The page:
Asprec (2010) Dancing for Health

literature type:

book chapter


Norlyn Asprec. Dancing for Health. In: Amy Shimshon-Santo, ed. Arts = Education: Connecting Learning Communities in Los Angeles. 1st ed. Center for Learning Through Arts and Technology - University of California, Irvine; 2010: pp 76-83.


Childhood obesity has become a growing public health issue in the United States and is considered to be the most threatening disease in the country. Recently, First Lady Michelle Obama acknowledged the gravity of the problem by establishing the national Let’s Move
campaign to combat childhood obesity. There is controversy about characterizing obesity either as a disease or a serious health concern. I choose to refer to obesity as a disease, because it significantly impairs health and proper body functioning. There are several
health risks and conditions associated with obesity, such as Type II diabetes, stroke, hypertension, and some cancers. The most recent estimates attribute 3.2 percent of all new cancers - 14 percent of cancer deaths in men and 20 percent in women - to obesity (National Cancer Institute 2008). Obesity also has economic consequences since the costs of obesity treatments affect United States healthcare spending. In 2004, the estimated health care costs related to overweight and obese categories range from $98 billion to $129 billion (Partnership for Prevention 2008). Childhood obesity can be prevented, but unfortunately there has been a lack of coordinated interventions. In order to develop effective solutions, partnerships between the federal, state, and local governments and community need to be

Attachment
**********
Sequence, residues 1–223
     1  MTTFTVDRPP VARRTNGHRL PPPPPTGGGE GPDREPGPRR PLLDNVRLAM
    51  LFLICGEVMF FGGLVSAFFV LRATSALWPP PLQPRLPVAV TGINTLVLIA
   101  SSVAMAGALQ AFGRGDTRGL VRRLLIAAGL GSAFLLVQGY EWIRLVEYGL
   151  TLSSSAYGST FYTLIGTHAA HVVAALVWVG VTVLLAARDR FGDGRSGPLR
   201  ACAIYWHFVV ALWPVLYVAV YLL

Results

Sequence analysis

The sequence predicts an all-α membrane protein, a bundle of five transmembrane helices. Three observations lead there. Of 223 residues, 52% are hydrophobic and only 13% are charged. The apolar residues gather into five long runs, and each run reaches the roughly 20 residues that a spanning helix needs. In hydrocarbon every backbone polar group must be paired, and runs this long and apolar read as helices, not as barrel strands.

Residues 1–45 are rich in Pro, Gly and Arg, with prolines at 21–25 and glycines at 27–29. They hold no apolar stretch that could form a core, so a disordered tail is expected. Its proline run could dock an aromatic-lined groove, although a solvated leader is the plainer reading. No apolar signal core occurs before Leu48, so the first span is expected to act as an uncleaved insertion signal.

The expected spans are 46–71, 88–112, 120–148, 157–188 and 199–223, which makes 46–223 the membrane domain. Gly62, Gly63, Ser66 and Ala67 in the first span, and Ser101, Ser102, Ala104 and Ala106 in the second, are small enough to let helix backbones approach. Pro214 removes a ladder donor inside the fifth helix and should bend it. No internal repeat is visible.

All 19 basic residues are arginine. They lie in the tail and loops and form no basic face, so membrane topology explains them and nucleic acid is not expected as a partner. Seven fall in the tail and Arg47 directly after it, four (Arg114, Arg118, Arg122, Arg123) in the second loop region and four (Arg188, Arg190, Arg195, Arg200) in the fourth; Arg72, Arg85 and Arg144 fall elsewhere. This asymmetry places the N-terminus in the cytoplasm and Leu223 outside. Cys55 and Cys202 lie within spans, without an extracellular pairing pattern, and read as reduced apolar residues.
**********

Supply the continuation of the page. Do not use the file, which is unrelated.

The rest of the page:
created. This article expands on the strengths of community action and dance education for health in confronting childhood obesity in urban communities.


arts categories:


population(s) served: